African Agency in International Politics: 1st Edition (Paperback) book cover

African Agency in International Politics

1st Edition

Edited by William Brown, Sophie Harman


210 pages | 1 B/W Illus.

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Paperback: 9781138830417
pub: 2014-09-12
Hardback: 9780415633536
pub: 2013-03-11
eBook (VitalSource) : 9780203526071
pub: 2013-03-20
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This book analyses the rapidly increasing role of African states, leaders and other political actors in international politics in the 21st Century.

In contrast to the conventional approach of studying how external actors impacted on Africa’s international relations, this book seeks to open up a new approach, focusing on the impact of African political actors on international politics. It does this by analysing African agency – the degree to which African political actors have room to manoeuvre within the international system and exert influence internationally, and the uses they make of that room for manoeuvre. Bringing together leading scholars from Africa and Europe to explore the role and conception of African Agency, this book addresses a wide range of issues, from relations with western and non-western donors, Africa’s role in the UN and World Trade Organisation, negotiations over climate change, trade agreements with the European Union, regional diplomatic strategies, the character and extent of African state agency, and agency within corporate social responsibility initiatives.

African Agency in International Politics will be of interest to scholars and students of Africa’s international relations, African politics, development, geography, diplomacy, trade, the environment, political science and security studies.


'All in all, the volume is a valuable addition to the literature on Africa in the international system for its innovative approach to the question of power through the framework of agency. It is to be recommended for all those interested in the exercise of international power and agency, as well as area specialists.'

- Meera Sabaratnam, University of London

Table of Contents

1. African agency in international politics William Brown and Sophie Harman Part I: Negotiating Internationally 2. Common positions as African agency in international negotiations: an appraisal Siphamandla Zondi 3. African agency in global trade governanceDonna Lee 4. African agency in world trade undermined? The case of bilateral relations with the European Union Stephen Hurt 5. Back to Business? UK Policy and African Agency Tom Cargill Part II: Agency: New Modes, New Sites 6. Aid dependency as a limitation to national development policy? The case of Rwanda Sven Grimm 7. ‘Image management’ and African agency: Ugandan regional diplomacy and donor relations under Museveni Jonathan Fisher 8. Corporate Social Responsibility as a social development paradigm in Africa’s political economy – its emergence and implications for African Agency Scarlett Cornelissen Part III: States and Agency 9. State Agency and State Formation in Africa David Williams 10. Elusive Agency: Africa's Persistently Peripheral Role in International Relations Stefan Andreasson 11. From weak state to savvy international player? Rwanda’s multi-level strategy for maximising agency Danielle Beswick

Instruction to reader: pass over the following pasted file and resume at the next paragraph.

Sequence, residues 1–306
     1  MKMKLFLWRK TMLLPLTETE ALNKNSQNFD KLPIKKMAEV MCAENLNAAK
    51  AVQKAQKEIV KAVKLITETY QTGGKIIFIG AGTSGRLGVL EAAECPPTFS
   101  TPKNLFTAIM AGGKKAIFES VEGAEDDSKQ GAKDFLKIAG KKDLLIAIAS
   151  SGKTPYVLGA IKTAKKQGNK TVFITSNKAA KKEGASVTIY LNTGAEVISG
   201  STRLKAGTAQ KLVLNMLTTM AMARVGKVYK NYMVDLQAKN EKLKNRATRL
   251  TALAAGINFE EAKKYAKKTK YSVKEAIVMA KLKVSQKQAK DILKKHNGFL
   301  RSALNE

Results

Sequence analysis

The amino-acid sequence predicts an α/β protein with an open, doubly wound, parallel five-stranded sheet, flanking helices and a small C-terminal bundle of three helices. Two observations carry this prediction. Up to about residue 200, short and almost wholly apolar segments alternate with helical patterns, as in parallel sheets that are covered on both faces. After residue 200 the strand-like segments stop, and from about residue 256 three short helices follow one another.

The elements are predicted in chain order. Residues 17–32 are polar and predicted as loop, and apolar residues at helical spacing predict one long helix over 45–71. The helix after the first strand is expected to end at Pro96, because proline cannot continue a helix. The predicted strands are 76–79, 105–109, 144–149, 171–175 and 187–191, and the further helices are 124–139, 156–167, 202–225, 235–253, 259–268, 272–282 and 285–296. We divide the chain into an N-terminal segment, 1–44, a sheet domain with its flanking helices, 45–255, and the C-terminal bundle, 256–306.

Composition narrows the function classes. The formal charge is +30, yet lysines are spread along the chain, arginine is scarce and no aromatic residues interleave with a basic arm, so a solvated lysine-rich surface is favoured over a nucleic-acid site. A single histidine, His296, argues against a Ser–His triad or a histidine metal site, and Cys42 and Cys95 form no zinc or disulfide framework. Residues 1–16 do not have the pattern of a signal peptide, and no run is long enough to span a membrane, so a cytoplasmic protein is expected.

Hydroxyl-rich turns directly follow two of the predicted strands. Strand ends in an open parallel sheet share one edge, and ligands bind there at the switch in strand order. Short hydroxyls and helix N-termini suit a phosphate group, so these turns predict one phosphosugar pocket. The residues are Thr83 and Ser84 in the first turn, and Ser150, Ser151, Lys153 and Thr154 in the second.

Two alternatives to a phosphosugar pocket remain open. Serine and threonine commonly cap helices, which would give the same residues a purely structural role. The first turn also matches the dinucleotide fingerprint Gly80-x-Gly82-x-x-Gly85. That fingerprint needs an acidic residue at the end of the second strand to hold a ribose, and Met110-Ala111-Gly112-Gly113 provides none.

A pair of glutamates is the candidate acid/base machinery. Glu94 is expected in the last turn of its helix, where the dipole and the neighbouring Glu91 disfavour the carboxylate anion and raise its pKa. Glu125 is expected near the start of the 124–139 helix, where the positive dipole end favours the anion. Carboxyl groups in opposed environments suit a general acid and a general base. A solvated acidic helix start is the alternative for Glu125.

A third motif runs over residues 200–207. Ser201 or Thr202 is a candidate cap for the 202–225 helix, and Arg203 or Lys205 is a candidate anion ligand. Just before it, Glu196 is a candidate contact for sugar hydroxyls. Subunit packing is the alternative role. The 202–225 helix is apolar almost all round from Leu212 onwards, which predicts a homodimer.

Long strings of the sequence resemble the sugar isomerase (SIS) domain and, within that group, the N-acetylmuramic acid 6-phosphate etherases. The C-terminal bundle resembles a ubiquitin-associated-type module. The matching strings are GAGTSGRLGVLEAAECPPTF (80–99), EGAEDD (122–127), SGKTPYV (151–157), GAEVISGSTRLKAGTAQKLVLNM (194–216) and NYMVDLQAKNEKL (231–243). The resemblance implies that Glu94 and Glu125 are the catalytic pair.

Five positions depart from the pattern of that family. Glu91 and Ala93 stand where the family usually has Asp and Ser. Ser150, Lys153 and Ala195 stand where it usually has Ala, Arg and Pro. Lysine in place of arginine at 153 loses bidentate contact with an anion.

About the Editors

William Brown is Senior Lecturer in Government and Politics at The Open University in Milton Keynes, UK.

Sophie Harman is Senior Lecturer in International Public Policy at Queen Mary, University of London, UK.

About the Series

Routledge Studies in African Politics and International Relations

The African Politics and International Relations series seeks to provide readers with a conceptual and comparative perspective on transformations associated with the rise of Africa in international relations and within the global economy. The series explores the empirical and theoretical implications of the engagement of both old and new players, the redefinition of the continent's politics, socio-economic transitions and changing patterns of region-building, both within Africa and with the global South. The series, through its focus on the reappraisal of the role and conception of African agency, seeks to provide readers with a comprehensive, accessible, and insightful treatment of issues that challenge conventional understandings and representations of Africa.

Contact: [email protected]

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